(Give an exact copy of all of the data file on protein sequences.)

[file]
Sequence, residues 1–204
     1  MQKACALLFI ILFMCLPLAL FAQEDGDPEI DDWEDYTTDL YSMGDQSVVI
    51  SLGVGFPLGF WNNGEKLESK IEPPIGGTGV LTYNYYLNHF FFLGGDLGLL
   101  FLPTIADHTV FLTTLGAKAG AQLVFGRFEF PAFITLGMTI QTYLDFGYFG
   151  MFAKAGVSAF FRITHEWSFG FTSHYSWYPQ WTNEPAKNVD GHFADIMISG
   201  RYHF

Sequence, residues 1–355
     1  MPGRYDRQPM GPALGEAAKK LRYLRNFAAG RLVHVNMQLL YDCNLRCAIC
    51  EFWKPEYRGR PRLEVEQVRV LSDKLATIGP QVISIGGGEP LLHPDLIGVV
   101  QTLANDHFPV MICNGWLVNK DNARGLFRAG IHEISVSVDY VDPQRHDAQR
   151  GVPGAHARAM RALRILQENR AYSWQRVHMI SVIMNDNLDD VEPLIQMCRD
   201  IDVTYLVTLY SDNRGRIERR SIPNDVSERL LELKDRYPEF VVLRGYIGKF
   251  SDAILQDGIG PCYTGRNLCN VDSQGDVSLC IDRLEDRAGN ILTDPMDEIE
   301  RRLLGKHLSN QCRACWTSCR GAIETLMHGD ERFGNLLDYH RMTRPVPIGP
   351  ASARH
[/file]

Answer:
Sequence, residues 1–204
     1  MQKACALLFI ILFMCLPLAL FAQEDGDPEI DDWEDYTTDL YSMGDQSVVI
    51  SLGVGFPLGF WNNGEKLESK IEPPIGGTGV LTYNYYLNHF FFLGGDLGLL
   101  FLPTIADHTV FLTTLGAKAG AQLVFGRFEF PAFITLGMTI QTYLDFGYFG
   151  MFAKAGVSAF FRITHEWSFG FTSHYSWYPQ WTNEPAKNVD GHFADIMISG
   201  RYHF

Sequence, residues 1–355
     1  MPGRYDRQPM GPALGEAAKK LRYLRNFAAG RLVHVNMQLL YDCNLRCAIC
    51  EFWKPEYRGR PRLEVEQVRV LSDKLATIGP QVISIGGGEP LLHPDLIGVV
   101  QTLANDHFPV MICNGWLVNK DNARGLFRAG IHEISVSVDY VDPQRHDAQR
   151  GVPGAHARAM RALRILQENR AYSWQRVHMI SVIMNDNLDD VEPLIQMCRD
   201  IDVTYLVTLY SDNRGRIERR SIPNDVSERL LELKDRYPEF VVLRGYIGKF
   251  SDAILQDGIG PCYTGRNLCN VDSQGDVSLC IDRLEDRAGN ILTDPMDEIE
   301  RRLLGKHLSN QCRACWTSCR GAIETLMHGD ERFGNLLDYH RMTRPVPIGP
   351  ASARH